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A 28 county state June 10, 2021

Posted by WorldbyStorm in Uncategorized.
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The IT had a piece the other day by Prof Colum Kenny of DCU which noted:

Far from agreeing the present Irish Border, Minister for Foreign Affairs Griffith and Minister for Finance Collins expected Tyrone and Fermanagh among other areas to pass South into the new State under a provision in the treaty for a boundary commission intended to respect local people’s wishes.

A border already existed when the team left Dublin. Northern Ireland had then its own working parliament under the UK Government of Ireland Act 1920. The creation of a 32-county republic was not on the table.

The Boundary Commission then came up as an idea. Interestingly:

The boundary commission proposal was first made on November 8th when British cabinet secretary Thomas Jones met Griffith and Collins. Griffith that day reported to de Valera that the British were proposing a boundary commission to delimit Ulster – which “would give us most of Tyrone, Fermanagh, and part of Armagh, Down, etc. We did not give any definite opinion on the matter. It is their look-out for the moment. Jones is to see us again tomorrow.”

And:

Jones noted in his diary that Lloyd George said to him later that same day that the boundary commission would be for the nine counties of Ulster: “I told him that I certainly had not made that clear. That I had spoken of six counties.” It was a vital distinction. Collins and Griffith assumed throughout that a delimiting boundary commission would limit Northern Ireland to a smaller territory consistent with the wishes of people living there – but did not reckon with unionist districts in Cavan, Monaghan and Donegal opting into Northern Ireland, as Lloyd George envisaged.

It seems in a sense that talk of 

The point being that at one point there were some hopes of a 28 county Free State, but one has to wonder if these were fairly ephemeral. The Boundary Commission itself appears to have been all things to all who regarded it – albeit this well in advance of its actual proper establishment. But other quotes in the piece suggests the Irish delegation was sceptical of much of the rhetoric around the proposed entity.

Kenny certainly has a point when he writes:

The boundary commission was not a divisive issue in 1921-2. But the cabinet should have been more careful. It would have been better had all sides agreed clearer terms for it before the treaty was signed. On December 5th Griffith was still seeking Craig’s response.

In the end, the Civil War fatally delayed the establishment of the boundary commission. By the time it was set up Griffith and Collins were dead and circumstances had changed. The possibility that it might allow unionist communities in the Free State to join Northern Ireland alarmed Dublin. The Border has stayed as created in 1920.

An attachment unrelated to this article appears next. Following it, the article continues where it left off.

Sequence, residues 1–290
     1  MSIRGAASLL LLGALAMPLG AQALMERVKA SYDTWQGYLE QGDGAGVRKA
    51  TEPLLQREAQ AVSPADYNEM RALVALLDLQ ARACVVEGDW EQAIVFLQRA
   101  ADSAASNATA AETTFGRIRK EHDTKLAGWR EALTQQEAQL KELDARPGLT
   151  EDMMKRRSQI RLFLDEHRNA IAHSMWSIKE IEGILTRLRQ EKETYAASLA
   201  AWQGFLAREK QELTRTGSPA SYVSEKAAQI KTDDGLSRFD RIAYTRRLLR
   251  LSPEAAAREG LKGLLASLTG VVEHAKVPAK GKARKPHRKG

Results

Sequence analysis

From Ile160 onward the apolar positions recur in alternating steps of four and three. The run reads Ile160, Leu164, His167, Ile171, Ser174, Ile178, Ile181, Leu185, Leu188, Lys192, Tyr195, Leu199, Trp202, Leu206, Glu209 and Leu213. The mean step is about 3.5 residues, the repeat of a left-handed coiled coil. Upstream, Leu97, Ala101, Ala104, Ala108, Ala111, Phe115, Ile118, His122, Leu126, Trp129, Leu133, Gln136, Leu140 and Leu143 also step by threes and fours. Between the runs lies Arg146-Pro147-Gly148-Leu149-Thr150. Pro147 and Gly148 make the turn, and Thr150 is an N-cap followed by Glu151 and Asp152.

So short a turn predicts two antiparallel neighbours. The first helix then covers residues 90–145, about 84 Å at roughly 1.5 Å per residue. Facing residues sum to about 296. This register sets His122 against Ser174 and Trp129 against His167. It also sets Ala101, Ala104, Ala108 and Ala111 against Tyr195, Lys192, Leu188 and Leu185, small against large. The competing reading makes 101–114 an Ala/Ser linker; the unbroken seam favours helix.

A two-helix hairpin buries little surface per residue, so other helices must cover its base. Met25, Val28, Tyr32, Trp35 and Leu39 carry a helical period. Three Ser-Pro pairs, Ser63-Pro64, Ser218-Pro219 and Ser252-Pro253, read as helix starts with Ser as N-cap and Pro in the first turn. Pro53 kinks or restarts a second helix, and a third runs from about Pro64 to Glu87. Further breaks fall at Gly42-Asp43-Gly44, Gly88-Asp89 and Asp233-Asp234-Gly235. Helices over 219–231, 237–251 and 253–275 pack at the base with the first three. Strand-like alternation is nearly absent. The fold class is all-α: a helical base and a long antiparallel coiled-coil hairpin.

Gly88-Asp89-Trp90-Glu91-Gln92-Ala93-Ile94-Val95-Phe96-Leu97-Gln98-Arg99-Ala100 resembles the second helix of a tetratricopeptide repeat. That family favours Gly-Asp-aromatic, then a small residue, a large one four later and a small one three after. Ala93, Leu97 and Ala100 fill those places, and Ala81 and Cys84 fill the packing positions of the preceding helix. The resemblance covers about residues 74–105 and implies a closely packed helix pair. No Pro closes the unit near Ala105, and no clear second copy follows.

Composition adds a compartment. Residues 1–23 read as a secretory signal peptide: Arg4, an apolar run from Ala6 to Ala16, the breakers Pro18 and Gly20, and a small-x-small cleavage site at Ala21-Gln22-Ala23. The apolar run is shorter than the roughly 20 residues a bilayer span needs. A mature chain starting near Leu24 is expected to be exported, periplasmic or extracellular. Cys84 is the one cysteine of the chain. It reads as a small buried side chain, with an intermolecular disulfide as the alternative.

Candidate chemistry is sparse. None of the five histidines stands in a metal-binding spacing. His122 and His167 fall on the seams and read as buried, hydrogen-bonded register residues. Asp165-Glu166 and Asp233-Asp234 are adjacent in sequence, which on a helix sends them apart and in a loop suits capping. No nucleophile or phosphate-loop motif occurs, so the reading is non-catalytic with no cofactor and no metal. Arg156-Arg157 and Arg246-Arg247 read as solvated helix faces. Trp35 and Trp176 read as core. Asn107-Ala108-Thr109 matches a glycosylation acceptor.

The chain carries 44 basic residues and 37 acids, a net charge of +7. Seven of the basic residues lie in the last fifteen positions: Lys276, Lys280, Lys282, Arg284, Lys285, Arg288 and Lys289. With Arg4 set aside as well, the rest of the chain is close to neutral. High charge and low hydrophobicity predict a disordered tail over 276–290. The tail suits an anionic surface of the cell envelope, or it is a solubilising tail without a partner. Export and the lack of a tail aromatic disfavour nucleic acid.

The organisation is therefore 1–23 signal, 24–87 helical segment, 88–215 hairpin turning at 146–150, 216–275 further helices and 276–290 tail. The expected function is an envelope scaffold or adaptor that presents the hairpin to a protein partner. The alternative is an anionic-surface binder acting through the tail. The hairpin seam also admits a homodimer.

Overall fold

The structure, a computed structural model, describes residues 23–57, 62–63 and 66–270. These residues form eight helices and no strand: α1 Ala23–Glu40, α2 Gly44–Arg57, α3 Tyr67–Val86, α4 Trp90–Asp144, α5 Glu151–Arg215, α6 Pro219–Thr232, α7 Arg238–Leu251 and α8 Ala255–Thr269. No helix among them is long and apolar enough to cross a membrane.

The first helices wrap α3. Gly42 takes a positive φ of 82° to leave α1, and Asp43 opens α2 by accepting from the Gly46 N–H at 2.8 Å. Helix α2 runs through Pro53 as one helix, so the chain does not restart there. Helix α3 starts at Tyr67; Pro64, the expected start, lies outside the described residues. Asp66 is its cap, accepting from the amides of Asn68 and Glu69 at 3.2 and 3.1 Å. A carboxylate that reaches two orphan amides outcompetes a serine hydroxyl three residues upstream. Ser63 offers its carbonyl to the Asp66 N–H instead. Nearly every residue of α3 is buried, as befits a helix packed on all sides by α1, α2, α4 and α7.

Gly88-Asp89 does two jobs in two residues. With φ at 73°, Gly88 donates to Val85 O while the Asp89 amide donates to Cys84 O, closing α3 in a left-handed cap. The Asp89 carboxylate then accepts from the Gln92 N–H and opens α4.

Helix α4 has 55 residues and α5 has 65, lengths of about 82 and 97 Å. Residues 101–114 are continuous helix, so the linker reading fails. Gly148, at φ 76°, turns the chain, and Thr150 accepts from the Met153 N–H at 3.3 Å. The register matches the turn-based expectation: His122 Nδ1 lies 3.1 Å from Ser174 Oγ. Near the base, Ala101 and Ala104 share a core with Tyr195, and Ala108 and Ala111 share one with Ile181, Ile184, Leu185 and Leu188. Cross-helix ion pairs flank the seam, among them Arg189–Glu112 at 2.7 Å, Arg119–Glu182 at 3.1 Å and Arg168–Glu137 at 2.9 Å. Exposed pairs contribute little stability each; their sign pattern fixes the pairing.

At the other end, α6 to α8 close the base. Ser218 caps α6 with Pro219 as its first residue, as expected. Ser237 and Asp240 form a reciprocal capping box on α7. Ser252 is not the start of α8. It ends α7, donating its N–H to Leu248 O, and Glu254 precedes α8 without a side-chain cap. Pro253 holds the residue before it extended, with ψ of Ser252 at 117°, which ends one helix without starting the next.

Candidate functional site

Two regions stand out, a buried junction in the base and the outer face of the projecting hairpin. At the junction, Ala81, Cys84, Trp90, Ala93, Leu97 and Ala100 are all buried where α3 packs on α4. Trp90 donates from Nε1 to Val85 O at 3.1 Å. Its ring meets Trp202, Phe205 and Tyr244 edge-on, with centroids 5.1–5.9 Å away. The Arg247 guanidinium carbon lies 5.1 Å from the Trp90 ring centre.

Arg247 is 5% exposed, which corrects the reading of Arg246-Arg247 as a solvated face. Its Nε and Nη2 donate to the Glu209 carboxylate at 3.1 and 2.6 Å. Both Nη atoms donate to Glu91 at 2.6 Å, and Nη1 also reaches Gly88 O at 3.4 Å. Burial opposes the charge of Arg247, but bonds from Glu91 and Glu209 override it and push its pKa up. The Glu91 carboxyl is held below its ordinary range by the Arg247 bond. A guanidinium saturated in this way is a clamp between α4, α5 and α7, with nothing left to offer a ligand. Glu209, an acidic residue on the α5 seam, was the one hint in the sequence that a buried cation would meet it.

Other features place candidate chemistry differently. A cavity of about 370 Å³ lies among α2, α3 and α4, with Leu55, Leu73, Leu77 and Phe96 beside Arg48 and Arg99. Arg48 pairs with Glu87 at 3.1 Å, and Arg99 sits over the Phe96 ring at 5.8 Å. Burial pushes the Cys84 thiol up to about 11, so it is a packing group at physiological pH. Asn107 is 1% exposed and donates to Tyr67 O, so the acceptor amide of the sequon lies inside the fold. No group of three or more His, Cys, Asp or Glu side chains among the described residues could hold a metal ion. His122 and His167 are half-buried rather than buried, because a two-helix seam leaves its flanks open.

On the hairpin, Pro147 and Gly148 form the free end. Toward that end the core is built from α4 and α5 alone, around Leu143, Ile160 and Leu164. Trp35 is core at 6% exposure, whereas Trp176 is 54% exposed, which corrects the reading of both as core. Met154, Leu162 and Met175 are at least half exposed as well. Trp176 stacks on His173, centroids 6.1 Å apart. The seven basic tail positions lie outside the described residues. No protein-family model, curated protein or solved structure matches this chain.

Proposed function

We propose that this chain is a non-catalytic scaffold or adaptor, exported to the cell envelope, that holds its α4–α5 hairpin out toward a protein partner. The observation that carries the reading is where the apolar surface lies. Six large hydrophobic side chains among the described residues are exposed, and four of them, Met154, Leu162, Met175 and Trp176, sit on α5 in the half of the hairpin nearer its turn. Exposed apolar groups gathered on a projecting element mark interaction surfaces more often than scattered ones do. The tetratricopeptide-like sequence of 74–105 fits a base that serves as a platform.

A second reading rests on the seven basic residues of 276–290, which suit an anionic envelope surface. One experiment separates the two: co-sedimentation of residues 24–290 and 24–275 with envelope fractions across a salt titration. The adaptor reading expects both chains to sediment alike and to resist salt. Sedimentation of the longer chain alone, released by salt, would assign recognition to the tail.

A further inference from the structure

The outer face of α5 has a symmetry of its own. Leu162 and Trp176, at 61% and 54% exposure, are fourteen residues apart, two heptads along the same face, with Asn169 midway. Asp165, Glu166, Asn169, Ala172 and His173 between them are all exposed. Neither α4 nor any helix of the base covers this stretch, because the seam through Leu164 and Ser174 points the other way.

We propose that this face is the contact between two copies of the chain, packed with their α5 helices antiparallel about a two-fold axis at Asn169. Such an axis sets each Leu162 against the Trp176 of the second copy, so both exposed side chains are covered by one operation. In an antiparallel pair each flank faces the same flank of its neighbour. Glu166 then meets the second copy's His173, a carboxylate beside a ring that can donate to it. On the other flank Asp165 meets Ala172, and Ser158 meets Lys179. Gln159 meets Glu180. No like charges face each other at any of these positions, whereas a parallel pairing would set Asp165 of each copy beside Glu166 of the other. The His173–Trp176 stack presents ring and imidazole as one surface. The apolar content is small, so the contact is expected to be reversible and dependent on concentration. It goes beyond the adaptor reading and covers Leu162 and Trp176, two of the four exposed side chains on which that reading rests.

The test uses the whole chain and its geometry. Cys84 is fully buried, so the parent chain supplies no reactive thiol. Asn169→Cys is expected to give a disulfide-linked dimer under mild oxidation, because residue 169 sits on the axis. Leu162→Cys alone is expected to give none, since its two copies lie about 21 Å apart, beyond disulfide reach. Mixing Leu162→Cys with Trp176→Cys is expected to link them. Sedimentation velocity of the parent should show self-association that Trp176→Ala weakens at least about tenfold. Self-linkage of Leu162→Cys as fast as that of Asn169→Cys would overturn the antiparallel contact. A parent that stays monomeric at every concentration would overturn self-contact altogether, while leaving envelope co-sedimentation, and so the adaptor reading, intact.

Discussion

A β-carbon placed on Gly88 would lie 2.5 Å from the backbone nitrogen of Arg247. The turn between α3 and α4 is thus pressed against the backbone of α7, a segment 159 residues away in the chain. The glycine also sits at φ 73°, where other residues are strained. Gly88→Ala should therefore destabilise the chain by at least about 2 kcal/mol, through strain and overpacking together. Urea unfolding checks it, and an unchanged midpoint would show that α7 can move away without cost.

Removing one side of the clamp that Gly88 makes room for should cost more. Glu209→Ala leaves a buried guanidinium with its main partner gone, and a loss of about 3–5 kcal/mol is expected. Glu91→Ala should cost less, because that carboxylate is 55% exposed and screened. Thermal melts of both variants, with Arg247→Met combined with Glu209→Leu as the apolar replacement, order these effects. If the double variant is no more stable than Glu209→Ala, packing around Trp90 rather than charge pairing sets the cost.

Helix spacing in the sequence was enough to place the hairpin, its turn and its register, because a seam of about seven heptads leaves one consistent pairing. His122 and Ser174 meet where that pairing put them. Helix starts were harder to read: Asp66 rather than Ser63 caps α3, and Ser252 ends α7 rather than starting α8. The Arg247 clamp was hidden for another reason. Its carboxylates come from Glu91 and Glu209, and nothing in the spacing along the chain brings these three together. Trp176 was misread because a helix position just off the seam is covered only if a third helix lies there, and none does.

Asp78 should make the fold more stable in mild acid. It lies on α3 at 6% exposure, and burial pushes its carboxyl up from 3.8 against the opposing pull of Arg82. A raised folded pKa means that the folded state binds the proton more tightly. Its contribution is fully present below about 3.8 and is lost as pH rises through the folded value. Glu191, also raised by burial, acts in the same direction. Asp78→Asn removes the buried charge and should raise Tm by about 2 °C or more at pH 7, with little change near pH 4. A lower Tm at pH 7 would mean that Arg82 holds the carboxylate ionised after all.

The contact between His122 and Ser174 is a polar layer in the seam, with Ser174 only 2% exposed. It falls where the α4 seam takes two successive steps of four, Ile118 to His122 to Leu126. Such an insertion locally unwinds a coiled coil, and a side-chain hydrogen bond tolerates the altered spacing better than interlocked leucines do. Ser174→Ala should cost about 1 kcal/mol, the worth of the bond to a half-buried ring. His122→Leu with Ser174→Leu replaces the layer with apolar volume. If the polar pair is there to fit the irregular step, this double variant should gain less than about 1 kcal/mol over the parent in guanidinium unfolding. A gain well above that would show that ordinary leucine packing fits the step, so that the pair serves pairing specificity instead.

But would the situation have been markedly different had Griffith and Collins survived the end of the Civil War? One has to suspect that the overall momentum – such as it was – for any radical revision of the border had long dissipated by the time it got to work. And the idea that years after the dispensation had come into effect Northern Ireland would have willingly accepted significant portions of territory, up to and including actual counties, or the best part of same, seems unlikely. One has to think that the only way any disputed territory might have changed hands, to any significant degree, would have been had there been a presence by both contending sides on it. And that clearly was not going to be the case given the broader circumstances. Perhaps in a counter factual the Free State could have parked its armoured cars in Newry and similar, but given it was the British Army which was the effective guarantor of Northern Ireland that was highly improbable. 

Indeed the reality was that six counties was optimal for NI, being – so to speak neither too small, nor too large but just right for the cohesion of a sub-state. And for the Free State simply managing to move on from the Civil War was a project that would occupy it for years to come.

As to what the outcome of a different Boundary Commission with a different ruling would have been. A more cohesive Northern Ireland or one that was more  contingent?  And what of the Free State and later the Republic?

Comments»

1. NFB - June 10, 2021

I think the counter-factuals break down quick on the idea of Collins surviving past the 22nd August 1922. Maybe he would have ended the Civil War quicker, which could have allowed the Boundary Commission to be enacted quicker, which could have led to a different outcome. Or maybe he would have been too busy setting up a dictatorship to be too bothered, or maybe he would have directed more IRA attacks over the border to the point that the Commission would have become impossible.

The Boundary Commission was a curious blindspot for the Treaty negotiators and the pro-Treaty side afterwards. There seems to have been a genuine sentiment that it could only have been a benefit, and the idea that the south would lose territory rarely crossed minds.

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